News Wrap: Maryland town in shambles after flash flood that killed two

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Vincent Saulsbury clears his flooded basement after heavy floods devastated the historic district of the town on Sunday, July 31, 2016, in Ellicott City, MD.  Intense thunderstorms unloaded as many as eight inches of rain in three hours.  Ellicott City's Main Street was transformed into a raging river that swept away cars and inundated homes and businesses.  
(Photo by Jahi Chikwendiu/The Washington Post via Getty Images)

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GWEN IFILL: Three months to go in the presidential campaign, and for a third straight day, the headline is Donald Trump’s feud with the family of a soldier killed in Iraq.

The Republican presidential nominee took heat today from his own party, but he showed no sign of relenting. We will have the story in full right after the news summary.

JUDY WOODRUFF: Warnings about the Zika virus are intensifying in South Florida. Officials now say 14 cases were likely transmitted locally by mosquitoes, all within a neighborhood north of downtown Miami. The Centers for Disease Control and Prevention today issued a new warning to pregnant women to avoid that area.

GWEN IFILL: Main Street in Ellicott City, Maryland, is a muddy shambles after a flash flood that killed two people Saturday night. It was triggered by a cloudburst of more than six inches of rain. Cell phone video captured people linking up to reach a woman in a car that was being carried away. Today, officials praised the rescuers.

ALLAN KITTLEMAN, Executive, Howard County, Maryland: That human chain has gone around the world five or six times already. But people know that whatever people in a community would do that for their neighbors or even for strangers, they will not let this storm defeat us. We are going to make sure that Ellicott City rises up to be an even stronger, even more vibrant place than it is right now.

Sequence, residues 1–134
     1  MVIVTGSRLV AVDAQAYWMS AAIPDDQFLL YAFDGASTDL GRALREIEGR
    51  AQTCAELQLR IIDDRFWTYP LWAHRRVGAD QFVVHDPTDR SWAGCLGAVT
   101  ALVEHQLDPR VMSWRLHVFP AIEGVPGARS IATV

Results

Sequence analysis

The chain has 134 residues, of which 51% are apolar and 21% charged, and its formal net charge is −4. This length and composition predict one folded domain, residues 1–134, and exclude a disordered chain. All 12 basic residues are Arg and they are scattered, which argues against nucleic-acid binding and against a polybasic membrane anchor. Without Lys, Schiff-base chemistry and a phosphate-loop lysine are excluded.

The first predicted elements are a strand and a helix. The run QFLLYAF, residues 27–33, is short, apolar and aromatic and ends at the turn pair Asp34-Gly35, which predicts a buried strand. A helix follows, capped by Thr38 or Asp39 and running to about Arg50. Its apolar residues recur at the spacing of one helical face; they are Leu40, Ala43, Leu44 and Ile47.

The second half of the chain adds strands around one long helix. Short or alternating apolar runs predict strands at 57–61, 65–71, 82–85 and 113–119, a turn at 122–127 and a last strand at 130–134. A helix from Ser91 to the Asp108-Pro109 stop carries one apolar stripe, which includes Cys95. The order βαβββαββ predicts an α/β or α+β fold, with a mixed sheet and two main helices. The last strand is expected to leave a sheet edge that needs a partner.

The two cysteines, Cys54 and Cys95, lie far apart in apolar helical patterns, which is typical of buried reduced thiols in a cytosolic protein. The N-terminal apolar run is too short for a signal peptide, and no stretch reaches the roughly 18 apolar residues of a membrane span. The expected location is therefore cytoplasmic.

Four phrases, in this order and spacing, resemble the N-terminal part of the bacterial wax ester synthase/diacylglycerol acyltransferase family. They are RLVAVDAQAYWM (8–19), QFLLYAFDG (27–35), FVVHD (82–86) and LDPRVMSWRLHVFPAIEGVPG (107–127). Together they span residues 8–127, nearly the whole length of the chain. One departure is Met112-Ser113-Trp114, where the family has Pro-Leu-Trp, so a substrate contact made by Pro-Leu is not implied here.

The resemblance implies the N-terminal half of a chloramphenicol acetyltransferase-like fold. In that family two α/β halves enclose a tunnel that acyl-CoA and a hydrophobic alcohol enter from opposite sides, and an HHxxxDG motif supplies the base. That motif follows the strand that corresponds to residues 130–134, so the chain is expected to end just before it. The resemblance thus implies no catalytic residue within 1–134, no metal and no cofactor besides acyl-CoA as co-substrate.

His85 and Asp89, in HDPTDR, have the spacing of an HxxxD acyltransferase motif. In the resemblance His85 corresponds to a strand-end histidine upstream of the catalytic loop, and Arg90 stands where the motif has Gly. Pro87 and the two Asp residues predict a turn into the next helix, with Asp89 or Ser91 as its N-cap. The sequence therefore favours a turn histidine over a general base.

GWEN IFILL: Officials say the damage will run into the hundreds of millions of dollars.

JUDY WOODRUFF: And from flood to fire. Cooler temperatures in central California today helped fire crews trying to corral a wildfire north of Big Sur. It has scorched more than 60 square miles since July 22, roughly the size of San Francisco. The fire has destroyed 57 homes and still threatens 2,000 more structures. It is less than 20 percent contained.

GWEN IFILL: The United States launched multiple airstrikes against the Islamic State group in Libya today. At the request of Libya’s U.S.-backed government, they targeted a tank and other vehicles in the coastal city of Sirte. The strikes were the first by the U.S. since February.

JUDY WOODRUFF: In Northern Syria, a Russian transport helicopter was shot down, leaving all five crew and officers on board dead. The MI-8 helicopter was shot down in Idlib province, where Russian warplanes often target Syrian rebels. Moscow blamed a faction linked to al-Qaida.

LT. GEN. SERGEI RUDSKOY, Russian Military General Staff (through translator): A terrorist act was committed today. The helicopter was coming back from a humanitarian mission, after having delivered food and medicine to the Aleppo residents. It was shot down from the ground in the area controlled by the militant group Nusra Front and the troops of moderate opposition that joined them.

JUDY WOODRUFF: Also today, rebels claimed early progress in a new attempt to break the siege of Eastern Aleppo, but the Syrian military denied it.

GWEN IFILL: Back in this country, for the first time, more than 60 groups affiliated with the Black Lives Matter movement joined today to offer criminal justice and policing reforms. Among other things, the groups are pushing for an end to police use of military-style gear and vehicles. They also urge decriminalizing some offenses for drugs, sex work and youth crimes.

JUDY WOODRUFF: Yet another voter I.D. law has been struck down. A federal judge ruled today that North Dakota’s statute is an undue burden on Native Americans. It requires a driver’s license or other identify cards issued by state or tribal officials. Similar laws in North Carolina and Wisconsin were struck down Friday.

GWEN IFILL: And on Wall Street, the Dow Jones industrial average lost 27 points to close at 18404. The Nasdaq rose 22 points, and the S&P 500 slipped two.

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